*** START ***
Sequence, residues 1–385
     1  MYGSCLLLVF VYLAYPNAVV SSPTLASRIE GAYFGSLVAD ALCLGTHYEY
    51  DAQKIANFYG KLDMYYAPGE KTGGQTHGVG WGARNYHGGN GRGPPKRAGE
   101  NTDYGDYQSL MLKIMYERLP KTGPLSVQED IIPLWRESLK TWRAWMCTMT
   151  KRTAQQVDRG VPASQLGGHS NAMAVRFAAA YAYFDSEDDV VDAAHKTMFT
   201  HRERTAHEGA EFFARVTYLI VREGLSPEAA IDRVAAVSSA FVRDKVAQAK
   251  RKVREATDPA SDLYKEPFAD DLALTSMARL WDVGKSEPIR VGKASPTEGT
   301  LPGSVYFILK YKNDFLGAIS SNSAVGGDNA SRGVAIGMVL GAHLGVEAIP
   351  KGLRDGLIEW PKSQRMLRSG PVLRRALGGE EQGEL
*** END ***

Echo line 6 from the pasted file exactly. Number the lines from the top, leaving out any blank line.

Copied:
   201  HRERTAHEGA EFFARVTYLI VREGLSPEAA IDRVAAVSSA FVRDKVAQAK